Plan to work on Chapter 1, Scene 1 of The Foreigner this morning, integrating Marius’s memory of Evkya’s suicide with his walk to the village. It’ll strengthen the chapter, round it out, and then I’ll be done with Chapter 1. I’ll bring the manuscript with me on the cruise, but not sure how much time I’ll find to write. Still I’ll feel better having it with me.

I’m not taking my laptop, taking my mini iPad instead. It can fit into my shoulder bag and I won’t have to worry about hauling out the laptop at airport security. It’s such a zoo going through security. I don’t want to risk forgetting it on the belt. Last time, coming back from the Rhine cruise, I left my large iPad on the plane. Fortunately I was able to get it back right away. The guy sitting next to me thoughtfully gave it to the security rep as he exited the plane and it was handed to me when I ran up in a panic. Honestly, I nearly had a heart attack when I realized it wasn’t poking out of my shoulder bag.

I finished Roz Morris’s My Memories of a Future Life. Good book. I’m halfway through Station Eleven by Emily St. John Mandel. Wish I had it in the Cloud to download, but I may finish it before I go.

Time for my second cup of coffee and getting to work.

ghost rain


A moment ago it was gray outside, but now it’s sunny. That describes my work this week on The Foreigner. I devoted the week to working solely on the novel, pre-writing work–laying a foundation for the plot. I’m not writing from scratch; I’ve got nearly 200 pages of manuscript,  some connecting strands and many holes, a ragged spiderweb of story. I could see the problem is lack of structure. The main plot stands, but novels are organic so if something comes along that fits, I’m taking it.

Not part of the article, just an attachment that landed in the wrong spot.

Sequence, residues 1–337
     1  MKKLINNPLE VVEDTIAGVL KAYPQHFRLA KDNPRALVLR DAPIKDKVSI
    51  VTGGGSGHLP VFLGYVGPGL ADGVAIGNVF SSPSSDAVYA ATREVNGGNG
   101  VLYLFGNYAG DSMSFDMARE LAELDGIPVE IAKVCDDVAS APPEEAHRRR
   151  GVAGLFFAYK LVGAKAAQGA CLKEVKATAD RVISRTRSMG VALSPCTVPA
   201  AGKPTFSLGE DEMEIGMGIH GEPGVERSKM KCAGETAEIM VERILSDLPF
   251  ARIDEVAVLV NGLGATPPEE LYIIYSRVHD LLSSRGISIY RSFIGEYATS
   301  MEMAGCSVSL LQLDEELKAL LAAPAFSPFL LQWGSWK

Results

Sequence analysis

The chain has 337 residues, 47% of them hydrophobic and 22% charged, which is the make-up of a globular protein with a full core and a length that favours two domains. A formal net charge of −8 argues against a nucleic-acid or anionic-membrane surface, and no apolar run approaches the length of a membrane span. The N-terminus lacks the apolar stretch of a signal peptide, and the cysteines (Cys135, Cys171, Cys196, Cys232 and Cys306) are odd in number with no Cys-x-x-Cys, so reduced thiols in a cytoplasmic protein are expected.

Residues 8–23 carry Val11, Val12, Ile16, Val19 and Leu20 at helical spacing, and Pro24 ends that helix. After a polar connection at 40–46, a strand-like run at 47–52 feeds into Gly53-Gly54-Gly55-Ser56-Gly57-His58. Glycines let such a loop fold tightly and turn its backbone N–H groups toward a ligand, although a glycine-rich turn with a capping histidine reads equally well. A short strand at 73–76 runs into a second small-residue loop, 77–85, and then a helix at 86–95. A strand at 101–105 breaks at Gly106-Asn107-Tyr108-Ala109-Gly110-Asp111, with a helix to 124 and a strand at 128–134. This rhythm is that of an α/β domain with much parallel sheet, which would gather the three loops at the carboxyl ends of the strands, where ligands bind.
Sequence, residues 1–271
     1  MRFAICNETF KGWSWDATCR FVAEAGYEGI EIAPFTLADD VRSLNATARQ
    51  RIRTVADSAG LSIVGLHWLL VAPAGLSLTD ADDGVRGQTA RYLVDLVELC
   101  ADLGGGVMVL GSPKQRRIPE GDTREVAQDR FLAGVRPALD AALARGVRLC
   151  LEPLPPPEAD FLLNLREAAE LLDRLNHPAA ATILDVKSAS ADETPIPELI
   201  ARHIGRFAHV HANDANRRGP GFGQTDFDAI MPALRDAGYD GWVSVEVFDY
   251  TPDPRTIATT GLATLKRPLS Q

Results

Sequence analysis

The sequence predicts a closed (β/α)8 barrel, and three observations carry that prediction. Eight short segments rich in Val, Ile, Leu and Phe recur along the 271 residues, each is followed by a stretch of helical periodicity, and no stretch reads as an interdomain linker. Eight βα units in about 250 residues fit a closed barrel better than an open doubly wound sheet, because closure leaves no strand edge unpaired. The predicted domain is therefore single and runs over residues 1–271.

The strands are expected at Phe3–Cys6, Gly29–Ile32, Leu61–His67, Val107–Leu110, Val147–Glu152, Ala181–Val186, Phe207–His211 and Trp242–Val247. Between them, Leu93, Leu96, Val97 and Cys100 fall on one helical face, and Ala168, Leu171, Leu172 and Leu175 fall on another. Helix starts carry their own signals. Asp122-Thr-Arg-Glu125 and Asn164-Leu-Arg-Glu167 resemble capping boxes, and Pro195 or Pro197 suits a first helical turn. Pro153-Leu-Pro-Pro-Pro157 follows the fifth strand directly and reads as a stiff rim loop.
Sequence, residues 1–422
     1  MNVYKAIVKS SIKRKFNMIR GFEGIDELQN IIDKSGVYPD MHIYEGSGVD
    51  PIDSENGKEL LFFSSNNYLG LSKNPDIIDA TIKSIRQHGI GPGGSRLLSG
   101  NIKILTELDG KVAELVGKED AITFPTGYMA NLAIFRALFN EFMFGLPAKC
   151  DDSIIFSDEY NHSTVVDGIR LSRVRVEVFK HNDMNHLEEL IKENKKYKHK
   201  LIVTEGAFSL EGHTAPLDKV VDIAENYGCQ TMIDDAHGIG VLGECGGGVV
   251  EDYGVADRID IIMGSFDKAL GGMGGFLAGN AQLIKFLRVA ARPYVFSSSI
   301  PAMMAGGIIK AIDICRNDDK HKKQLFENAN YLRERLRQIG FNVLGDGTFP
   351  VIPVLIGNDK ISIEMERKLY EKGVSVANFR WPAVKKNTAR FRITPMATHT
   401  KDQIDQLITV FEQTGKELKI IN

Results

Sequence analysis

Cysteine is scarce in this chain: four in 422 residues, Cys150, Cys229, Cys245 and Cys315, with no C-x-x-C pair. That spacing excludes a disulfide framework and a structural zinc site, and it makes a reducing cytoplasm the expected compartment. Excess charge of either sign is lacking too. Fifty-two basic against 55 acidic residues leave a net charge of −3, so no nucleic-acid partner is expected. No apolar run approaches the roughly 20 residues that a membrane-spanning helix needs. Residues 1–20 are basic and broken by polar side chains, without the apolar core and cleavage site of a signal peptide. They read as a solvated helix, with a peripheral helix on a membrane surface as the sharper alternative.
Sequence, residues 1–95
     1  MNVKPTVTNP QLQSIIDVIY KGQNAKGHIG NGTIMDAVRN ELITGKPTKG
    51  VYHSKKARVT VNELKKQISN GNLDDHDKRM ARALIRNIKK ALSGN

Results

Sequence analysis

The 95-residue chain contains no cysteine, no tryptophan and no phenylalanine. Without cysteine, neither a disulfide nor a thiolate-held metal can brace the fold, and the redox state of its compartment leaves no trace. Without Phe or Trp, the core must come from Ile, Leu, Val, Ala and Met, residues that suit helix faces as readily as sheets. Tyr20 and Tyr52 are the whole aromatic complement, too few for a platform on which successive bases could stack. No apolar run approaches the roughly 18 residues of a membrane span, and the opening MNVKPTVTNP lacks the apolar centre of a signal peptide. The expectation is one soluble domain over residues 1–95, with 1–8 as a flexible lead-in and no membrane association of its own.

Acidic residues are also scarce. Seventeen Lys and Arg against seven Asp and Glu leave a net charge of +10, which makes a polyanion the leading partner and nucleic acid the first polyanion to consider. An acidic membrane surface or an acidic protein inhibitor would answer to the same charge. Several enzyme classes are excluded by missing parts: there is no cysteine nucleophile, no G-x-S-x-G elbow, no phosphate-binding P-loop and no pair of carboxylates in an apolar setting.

I’m trying to solidify the story’s engine, the thing that drives the plot. Wrote a lot in my Moleskine about the characters and their motives. I think I’ve got the main plot worked out. I have the structure outlined: inciting incident, plot point 1, mid-novel reversal, plot point 2 and the resolution, but the actual narration is loosey-goosey.

A book I find inspiring and helpful is Novelsmithing: The Structural Foundation of Plot, Character, and Narration by David Sheppard (By the way, it’s free to the Kindle). When I’m wrestling with structure, this is my go-to writing book.

It’s taken me too long to write this post because I kept getting the spinning wheel of death or the blank page of no return when I surfed to Amazon, and oh yeah I had to re-create it because it disappeared into the nether reaches of the ‘net, which sometimes reminds me of a marshy bog where you don’t want to follow the lights.

It’s way past time for me to get to the real work.

Happy writing.



Beautiful outside, sunny and warm, and with a nearly cold wind blustering through the palm trees to keep the heat under control. I’m preparing for a trade show, the World Tea Expo at the Long Beach Convention Center. I’ll be an exhibitor. Took 3-1/2 days of my time last week and I wrapped  up the final details today. This is my first time doing a trade show and I had no idea about all the logistical details that go into it, but I know them now. The Expo opens Wednesday and closes Friday. So little writing done last week and there will be be none this week, except for what I might manage today. Tuesday is move-in day for my booth.